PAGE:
As a result, Trump criticized Kemp at rallies and other public events, saying he was “ashamed” to have endorsed him in 2018. Trump recruited former U.S. Sen. David Perdue to mount an unsuccessful primary challenge against the governor and used his PAC to spend millions on attack ads.

Throughout, Kemp said state law prevented him from “interfering” with the election and that changing voting laws before the Georgia Senate runoff in January 2021 would have led to “endless litigation.”

The details of Kemp’s behind-the-scenes interactions with Trump, however, are largely unknown. And unlike the January 2, 2021 phone call between the president and Secretary of State Brad Raffensperger, there are no known recordings of their conversations.

Kemp’s grand jury testimony could shed new light on Trump’s efforts and could prove critical to jurors and prosecutors.

Kemp’s filing argues that because of sovereign immunity, the governor cannot be compelled to testify in court about acts performed as part of his official duties without a waiver.

It is not the only research testimony that cites the doctrine. A similar claim by U.S. Sen. Lindsey Graham, RS.C., was rejected by a federal judge earlier this week. But Kemp’s aides believe sovereign immunity has stronger legal protections at the state level.

The governor’s motion also argues that “broad swaths of information” that the DA’s office may want to discuss are protected because of executive and attorney-client privilege. This includes documents related to Kemp’s deliberative process and internal communications with his advisers.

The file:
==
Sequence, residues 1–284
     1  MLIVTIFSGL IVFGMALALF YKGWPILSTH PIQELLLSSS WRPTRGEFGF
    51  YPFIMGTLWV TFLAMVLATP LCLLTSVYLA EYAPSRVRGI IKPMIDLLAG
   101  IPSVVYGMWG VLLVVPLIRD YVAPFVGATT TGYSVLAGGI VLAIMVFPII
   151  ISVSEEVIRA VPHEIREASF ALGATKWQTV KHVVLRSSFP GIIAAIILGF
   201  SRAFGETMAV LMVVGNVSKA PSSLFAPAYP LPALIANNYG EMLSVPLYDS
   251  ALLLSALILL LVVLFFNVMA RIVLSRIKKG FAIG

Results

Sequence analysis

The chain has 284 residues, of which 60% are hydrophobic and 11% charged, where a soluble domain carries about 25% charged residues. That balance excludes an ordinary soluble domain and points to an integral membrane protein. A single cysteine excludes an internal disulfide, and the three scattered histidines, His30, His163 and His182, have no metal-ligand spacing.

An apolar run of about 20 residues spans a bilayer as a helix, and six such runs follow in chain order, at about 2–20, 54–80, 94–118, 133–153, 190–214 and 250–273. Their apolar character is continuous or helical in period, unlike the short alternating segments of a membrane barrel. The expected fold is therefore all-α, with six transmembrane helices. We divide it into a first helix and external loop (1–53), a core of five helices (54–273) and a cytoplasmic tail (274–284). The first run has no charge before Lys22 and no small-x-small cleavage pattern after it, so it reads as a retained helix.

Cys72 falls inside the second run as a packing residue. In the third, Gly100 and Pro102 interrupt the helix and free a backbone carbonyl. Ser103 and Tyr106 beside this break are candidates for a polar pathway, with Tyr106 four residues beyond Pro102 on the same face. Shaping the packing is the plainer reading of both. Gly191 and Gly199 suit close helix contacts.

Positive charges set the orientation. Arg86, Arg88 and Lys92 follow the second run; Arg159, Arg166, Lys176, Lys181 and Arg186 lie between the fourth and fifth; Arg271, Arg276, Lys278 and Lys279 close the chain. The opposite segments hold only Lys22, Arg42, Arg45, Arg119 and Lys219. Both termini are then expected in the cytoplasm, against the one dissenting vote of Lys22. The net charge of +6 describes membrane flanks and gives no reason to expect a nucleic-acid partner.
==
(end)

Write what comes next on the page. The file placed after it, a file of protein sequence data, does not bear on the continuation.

“Unsurprisingly, the governor’s decision-making before, during and after the November 2020 election relied heavily on communications with his advisers and on the memos and drafts he prepared,” the motion argues . “All of these materials, as well as testimony about them, are protected from disclosure under executive privilege.”

If Kemp’s subpoena is ultimately not overturned, McEvoy is asking McBurney to take a similar approach to what he did with Lt. Gov. Geoff Duncan and state lawmakers who had been subpoenaed by a grand jury earlier this summer. After the group cited legislative immunity, McBurney denied their request to kill their subpoenas, but set guidelines for the types of questions that would be in and out of bounds for prosecutors.

It is rare for a sitting governor to be subpoenaed, especially for a grand jury investigation. Fulton’s investigation, however, has resulted in a subpoena of the state’s top four elected officials, including Duncan, Raffensperger and Attorney General Chris Carr. The latter two did not publicly fight their subpoenas.

Neither McBurney nor U.S. District Court Judge Leigh Martin May, who has heard challenges from Graham and Georgia Congressman Jody Hice, have quashed any subpoenas so far.

McBurney recently rejected an attempt by Trump’s former personal attorney, Rudy Giuliani, to delay his testimony due to recent surgery, saying from the bench that the sequencing of witness testimony is important to the work of the grand jury .

But both he and May have recognized various privileges afforded to witnesses and have repeatedly prescribed that prosecutors draft a framework for questions with lawyers for public officials before their cross-examination.

It is not the first time that Willis has been accused of playing politics.

Lawyers for most of the 16 Georgia Republicans who served as Trump “alternate” voters and were told they are targets of the Fulton investigation have made similar criticisms of the DA. One of those constituents, GOP lieutenant governor candidate Burt Jones, successfully argued to McBurney that Willis had a conflict of interest.

Some Republicans have also begun discussing a recall effort against Willis, though that is considered a long shot given Georgia’s strict rules for such ballot initiatives.